And I would tell him that in 1950, my entire paternal family returned to Israel from Iraq on an airplane, fulfilling the ancient prophecy that we would return from Babylon to Zion “on the wings of eagles.”

Never mind the fact that there has always, since time immemorial, been a Jewish presence on the land of Israel, above and beyond the reign of the Israelite kingdoms, and that over the course of history, there have been numerous Jewish uprisings attempting to reclaim our homeland, following its conquest by foreign invaders. Israel has been the living, breathing locus of Jewish consciousness, from the beginning of our people 4,000 years ago through today.

We are actually called Jews (Yehudim) because we hail from the kingdom of Judah (Yehuda), the southern region of ancient Israel. Unlike other faiths, Judaism is not the sum total of a religion, though religion is part of it. Judaism is a nation in a knapsack, the portable encapsulation of a land, language, law, culture, religion, and history, an ingenious way to preserve and pass on a comprehensive national identity while in perpetual transit as an unwelcome outsider. Don’t believe me? Go ahead and read the Torah (Jewish Bible). It’s largely about things like what to do when your ox and someone else’s ox get mixed up. That’s civil law, not theology.

Which all goes to say, why am I sold on Team Israel? Because it has everything to do with me. It is the unbroken thread connecting me to every single person who came before me – from the nomadic tribe of Israel that wandered the stretch from the Red Sea to the Jordan River, to my 80-plus-year-old aunts and uncles living in apartments throughout urban Tel Aviv. It is the land where I can feel my footsteps echo those of my grandparents’ grandparents’ grandparents’… grandparents; where I can touch the very same Jerusalem stone that they touched; and where I feel rooted in the earth as I dance, in a deep and timeliness connection I never felt anywhere else, no matter how long I lived there.

It is the place where I moved after 30-some years of living in the United States, only to discover that the personality characteristics that always made me stick out in America – the way I voiced my opinion, laughed with my head thrown back, dove into heated arguments, and intervened in what was considered other people’s business – were precisely what made me fit in in Israel. It’s like I had entered my gene pool, with doppelgangers everywhere.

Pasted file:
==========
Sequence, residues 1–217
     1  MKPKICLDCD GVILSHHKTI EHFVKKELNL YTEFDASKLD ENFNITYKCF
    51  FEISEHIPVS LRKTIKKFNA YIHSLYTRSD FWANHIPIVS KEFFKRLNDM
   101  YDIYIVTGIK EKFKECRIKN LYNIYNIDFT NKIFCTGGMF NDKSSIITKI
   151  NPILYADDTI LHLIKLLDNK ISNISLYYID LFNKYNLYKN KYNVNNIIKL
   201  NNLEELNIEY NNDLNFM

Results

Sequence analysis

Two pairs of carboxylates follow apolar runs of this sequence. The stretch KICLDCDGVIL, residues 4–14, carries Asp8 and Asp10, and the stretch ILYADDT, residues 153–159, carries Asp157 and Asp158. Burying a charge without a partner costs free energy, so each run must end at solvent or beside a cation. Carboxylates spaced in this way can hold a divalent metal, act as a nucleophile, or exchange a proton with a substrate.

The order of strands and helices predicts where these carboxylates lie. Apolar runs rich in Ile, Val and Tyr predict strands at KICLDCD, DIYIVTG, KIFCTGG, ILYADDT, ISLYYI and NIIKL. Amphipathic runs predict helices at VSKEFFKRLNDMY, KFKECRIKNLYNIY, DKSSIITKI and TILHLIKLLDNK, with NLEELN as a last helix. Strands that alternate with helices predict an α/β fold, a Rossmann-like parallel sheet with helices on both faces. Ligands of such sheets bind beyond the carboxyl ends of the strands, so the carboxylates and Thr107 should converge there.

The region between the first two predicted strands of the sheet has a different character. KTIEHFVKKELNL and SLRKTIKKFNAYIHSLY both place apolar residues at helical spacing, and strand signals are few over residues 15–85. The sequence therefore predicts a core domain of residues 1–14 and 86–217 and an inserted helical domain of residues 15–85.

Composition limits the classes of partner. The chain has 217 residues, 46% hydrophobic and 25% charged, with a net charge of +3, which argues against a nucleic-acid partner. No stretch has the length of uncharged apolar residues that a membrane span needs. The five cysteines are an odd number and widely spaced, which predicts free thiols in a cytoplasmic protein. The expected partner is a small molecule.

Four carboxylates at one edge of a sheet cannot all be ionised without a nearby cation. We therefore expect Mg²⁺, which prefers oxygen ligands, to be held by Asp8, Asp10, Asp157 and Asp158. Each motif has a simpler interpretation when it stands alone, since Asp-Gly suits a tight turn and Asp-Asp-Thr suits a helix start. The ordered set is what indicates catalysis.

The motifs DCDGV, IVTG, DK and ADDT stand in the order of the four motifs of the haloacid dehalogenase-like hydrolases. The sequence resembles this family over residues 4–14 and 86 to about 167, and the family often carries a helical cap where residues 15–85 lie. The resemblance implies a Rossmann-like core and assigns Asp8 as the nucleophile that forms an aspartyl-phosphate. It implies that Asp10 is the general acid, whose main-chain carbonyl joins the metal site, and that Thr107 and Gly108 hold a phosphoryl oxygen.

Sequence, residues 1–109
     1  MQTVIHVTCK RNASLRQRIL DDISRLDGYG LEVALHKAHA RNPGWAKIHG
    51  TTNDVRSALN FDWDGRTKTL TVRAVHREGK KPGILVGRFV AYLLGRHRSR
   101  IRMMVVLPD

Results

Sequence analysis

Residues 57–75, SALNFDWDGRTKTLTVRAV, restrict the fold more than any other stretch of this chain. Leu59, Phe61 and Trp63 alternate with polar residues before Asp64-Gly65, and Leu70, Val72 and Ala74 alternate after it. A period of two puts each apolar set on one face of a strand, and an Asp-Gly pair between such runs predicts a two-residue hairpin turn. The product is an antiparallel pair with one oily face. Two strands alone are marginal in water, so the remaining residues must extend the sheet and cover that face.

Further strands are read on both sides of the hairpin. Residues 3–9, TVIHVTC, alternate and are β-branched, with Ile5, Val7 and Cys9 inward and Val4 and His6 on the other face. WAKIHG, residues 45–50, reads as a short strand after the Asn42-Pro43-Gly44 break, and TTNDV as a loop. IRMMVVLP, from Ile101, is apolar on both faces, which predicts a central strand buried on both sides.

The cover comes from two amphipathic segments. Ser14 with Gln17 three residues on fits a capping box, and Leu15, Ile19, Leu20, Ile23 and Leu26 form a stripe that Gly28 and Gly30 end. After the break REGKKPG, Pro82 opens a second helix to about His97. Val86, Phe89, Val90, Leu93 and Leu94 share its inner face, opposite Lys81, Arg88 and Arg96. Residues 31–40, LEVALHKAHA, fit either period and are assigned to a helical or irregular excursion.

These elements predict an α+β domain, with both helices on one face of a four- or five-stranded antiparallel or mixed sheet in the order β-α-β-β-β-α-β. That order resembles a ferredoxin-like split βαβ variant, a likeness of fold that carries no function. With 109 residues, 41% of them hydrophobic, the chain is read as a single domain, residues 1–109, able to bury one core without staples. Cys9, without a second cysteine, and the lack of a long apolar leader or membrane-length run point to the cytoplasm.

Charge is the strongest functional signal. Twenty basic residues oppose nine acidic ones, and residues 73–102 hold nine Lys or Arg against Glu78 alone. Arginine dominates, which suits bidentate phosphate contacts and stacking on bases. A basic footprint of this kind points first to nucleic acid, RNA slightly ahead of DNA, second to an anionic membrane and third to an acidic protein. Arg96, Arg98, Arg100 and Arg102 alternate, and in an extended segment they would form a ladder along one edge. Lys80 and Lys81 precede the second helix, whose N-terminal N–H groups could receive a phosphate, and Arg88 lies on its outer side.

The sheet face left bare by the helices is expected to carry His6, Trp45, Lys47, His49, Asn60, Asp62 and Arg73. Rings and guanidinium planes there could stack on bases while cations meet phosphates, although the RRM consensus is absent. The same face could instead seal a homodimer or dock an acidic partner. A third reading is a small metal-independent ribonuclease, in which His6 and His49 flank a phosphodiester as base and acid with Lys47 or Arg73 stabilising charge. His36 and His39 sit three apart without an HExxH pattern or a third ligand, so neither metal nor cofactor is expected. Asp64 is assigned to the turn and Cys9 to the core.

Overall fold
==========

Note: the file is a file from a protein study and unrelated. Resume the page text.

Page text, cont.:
So no, I don’t strike up a conversation with every Israeli I encounter while in Israel; that simply would be too overwhelming, as well as slightly ridiculous (“Oh, you’re Israeli? Me too!”), but I definitely feel an overall connection – a shared consciousness, history, and destiny, even personal way of communicating and walking through the world – that I do not feel with random Americans in the United States, despite my being an open-hearted and open-minded individual.

Interestingly, the whole conversation with Rich began in response to his experience as a child at a predominantly white school, where a teacher referred to him as “the black kid in the corner.” He had no problem being the only black kid in the class, he said. He simply did not want his skin color being used as the sum total of his identity, effectively obliterating all his other characteristics. In my conversation with Rich, meanwhile, I did not want my deep relationship to Israel to be disregarded.

So perhaps the core issue of identity is that people take the time to learn how we identify ourselves and then refer to us in that way, honoring not only some aspect of who we are, but also our relationship to that aspect. Not only do we all have a multiplicity of identities, but each of those identities in turn can have any variation of meanings. The only way to discover what they are is to ask with an open mind and a caring heart.

About the Author
Loolwa Khazzoom ( is the frontwoman for the band Iraqis in Pajamas ( and editor of The Flying Camel: Essays on Identity by Women of North African and Middle Eastern Jewish Heritage ( She has been a pioneering Jewish multicultural educator since 1990, and her writing has been featured in The Washington Post, Marie Claire, Rolling Stone, and other top media worldwide.